Ladies call time on lads' pubs

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The Independent Online
"SO WHERE'S the pool table then," said one lad as he looked around the pub designed by women for women.

The pub's owner, the drinks giant Allied Domecq, asked its women employees to create their idea of a perfect place for a woman to have a drink on her own without feeling intimidated. After two years of planning, the Wharf Street pub, in Wellington Street, Leeds, once a place for hard- drinking men, is now a female den.

"It's a bit lighter and more open,'' said Damien Hawke, 21, a student. "But I don't like the idea of women isolating themselves, sitting together in their own little cells."

But would a woman on her own feel comfortable enough to drop in at Wharf Street and order a drink?

"I don't usually go anywhere on my own," said Emily Parry, 18, an office worker from Leeds. "Normally I would wait outside a pub for my friends before going in but I suppose I wouldn't feel uncomfortable waiting on my own in here. It's friendly enough, nice and bright, peaceful with a nice atmosphere."

Her friend Carolyn Kelly, 25, said she didn't think it was a lads' pub. "The decor is just too nice. I could bring my mum here and she doesn't like pubs."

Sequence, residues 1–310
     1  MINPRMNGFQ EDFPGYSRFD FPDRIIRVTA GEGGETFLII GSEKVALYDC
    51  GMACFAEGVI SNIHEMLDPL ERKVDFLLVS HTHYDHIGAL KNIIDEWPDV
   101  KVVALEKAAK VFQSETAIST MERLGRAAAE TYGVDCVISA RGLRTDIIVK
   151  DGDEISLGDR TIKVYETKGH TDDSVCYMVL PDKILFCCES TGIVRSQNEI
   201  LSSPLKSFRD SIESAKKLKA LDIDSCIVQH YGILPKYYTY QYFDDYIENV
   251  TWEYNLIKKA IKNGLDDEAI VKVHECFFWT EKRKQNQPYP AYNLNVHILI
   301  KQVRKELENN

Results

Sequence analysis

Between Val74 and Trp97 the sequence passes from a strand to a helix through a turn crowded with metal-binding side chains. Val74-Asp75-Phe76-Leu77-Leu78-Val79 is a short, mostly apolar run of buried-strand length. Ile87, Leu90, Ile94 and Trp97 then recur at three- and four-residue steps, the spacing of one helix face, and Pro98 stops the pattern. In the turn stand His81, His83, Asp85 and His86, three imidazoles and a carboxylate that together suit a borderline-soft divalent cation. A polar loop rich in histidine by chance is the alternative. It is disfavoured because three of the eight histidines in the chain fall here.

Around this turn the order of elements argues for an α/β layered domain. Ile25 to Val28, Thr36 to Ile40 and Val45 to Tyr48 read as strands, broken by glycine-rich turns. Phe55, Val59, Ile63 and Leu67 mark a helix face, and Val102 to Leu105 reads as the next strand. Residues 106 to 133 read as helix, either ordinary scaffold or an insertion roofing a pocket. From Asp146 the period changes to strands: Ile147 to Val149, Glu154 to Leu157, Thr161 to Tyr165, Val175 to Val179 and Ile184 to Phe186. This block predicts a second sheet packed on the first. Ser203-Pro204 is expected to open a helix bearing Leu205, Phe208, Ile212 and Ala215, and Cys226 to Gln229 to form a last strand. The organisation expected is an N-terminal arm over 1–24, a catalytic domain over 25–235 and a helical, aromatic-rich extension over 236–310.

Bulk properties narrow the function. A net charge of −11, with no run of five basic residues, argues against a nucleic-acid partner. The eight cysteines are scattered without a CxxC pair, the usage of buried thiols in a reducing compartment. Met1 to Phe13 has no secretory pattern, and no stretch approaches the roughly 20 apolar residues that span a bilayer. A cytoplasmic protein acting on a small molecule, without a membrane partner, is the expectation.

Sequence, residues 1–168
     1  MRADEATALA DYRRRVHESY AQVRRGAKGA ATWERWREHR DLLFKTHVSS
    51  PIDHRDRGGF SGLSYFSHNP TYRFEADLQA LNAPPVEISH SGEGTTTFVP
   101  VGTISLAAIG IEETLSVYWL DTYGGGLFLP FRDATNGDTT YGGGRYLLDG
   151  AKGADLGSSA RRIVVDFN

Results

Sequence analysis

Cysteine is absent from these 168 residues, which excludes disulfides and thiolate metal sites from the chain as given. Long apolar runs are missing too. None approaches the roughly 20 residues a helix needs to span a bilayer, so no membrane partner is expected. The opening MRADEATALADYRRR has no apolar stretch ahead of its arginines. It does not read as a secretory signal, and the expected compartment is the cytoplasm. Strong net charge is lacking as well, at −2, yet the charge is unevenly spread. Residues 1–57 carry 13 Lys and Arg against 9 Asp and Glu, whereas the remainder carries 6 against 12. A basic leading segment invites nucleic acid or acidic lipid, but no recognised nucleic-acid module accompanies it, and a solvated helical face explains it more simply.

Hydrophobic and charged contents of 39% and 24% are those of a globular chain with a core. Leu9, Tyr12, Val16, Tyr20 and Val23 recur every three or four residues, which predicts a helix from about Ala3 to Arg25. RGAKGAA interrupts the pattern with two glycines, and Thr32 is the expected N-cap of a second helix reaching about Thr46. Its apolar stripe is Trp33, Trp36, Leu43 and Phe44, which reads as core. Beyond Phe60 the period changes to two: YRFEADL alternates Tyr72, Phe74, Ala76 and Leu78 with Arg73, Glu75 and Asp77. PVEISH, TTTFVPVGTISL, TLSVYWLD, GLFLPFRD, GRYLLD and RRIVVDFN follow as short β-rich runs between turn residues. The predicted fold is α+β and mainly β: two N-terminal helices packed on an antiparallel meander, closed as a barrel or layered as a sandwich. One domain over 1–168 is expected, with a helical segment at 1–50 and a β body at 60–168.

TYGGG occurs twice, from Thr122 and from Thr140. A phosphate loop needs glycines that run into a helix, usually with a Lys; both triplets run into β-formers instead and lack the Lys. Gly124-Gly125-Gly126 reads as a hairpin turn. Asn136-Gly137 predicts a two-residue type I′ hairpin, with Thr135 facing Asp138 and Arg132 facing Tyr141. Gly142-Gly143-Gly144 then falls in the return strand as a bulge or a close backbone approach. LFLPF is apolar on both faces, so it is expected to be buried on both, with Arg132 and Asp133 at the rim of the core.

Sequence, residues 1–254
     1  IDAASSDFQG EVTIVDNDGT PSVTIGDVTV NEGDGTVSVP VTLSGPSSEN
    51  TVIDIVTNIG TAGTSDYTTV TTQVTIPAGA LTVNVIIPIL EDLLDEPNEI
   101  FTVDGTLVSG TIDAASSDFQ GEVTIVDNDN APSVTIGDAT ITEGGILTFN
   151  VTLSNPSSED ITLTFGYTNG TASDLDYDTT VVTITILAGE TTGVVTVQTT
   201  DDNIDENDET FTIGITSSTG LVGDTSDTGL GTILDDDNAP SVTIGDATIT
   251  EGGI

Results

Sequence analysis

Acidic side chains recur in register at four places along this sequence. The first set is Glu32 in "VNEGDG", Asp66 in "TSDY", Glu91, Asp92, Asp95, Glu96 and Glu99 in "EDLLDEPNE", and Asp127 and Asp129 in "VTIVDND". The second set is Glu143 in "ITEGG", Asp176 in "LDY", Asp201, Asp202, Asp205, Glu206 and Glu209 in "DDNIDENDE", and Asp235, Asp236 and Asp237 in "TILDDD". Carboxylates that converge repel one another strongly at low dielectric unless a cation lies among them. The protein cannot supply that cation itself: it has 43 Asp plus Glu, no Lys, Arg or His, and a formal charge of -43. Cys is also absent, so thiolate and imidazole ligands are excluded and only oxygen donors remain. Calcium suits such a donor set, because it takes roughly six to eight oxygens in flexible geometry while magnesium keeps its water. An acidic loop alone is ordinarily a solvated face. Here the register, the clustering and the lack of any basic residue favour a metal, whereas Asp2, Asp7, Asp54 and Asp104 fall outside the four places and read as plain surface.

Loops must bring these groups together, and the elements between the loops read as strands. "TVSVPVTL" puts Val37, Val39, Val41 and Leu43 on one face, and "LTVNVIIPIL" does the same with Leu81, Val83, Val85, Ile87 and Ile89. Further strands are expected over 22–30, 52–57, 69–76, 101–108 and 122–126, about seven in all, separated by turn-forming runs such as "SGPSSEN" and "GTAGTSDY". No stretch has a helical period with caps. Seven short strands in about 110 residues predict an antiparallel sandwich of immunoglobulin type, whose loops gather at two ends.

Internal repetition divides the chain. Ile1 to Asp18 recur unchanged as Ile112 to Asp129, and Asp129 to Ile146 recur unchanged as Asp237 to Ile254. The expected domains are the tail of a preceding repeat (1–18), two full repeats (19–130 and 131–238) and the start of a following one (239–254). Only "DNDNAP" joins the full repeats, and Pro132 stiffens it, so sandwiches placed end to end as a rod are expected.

Sharon Rice, 37, a police officer from Sheffield, said the pub didn't seem a place for posers or a bar for the lads.

"I am quite used to going into a place on my own, that wouldn't bother me, but I just hope the prices aren't too high that they exclude ordinary working-class women."

"Having women's magazines is a nice idea," said Sarah Coyne, 26, a project controller with a finance company. "If you're on your own you could flip through a mag and not feel awkward. "

How does the landlord, Jason Argyle, 29, welcome a woman on her own?

"By making her feel she's not on her own but part of the party. The trick is not to make her feel different because she is alone. How we do that is our little secret."

But there is no intention to ignore men, says Allied Domecq. "Pubs can be intimidating places for women but we have tried to design out the elements which traditionally put them off.

"We wanted to offer women a pub environment in which they felt welcome, comfortable and above all safe.

"The windows are bigger than in most pubs so people can see what's going on inside, the lighting is very good, there is waiter service so women don't have to join the scrum at the bar and there are decent toilets.

"The place is bright and open, the decor warm and friendly. There are chairs with backs so people feel they are protected - and the staff have been trained to make everyone feel welcome.''

Christopher Bates, a 20-year-old geography student, had just one complaint.

"The waiter service makes a difference," he said, "but one of the best ways of meeting a woman is rubbing shoulders when you're ordering drinks at the bar."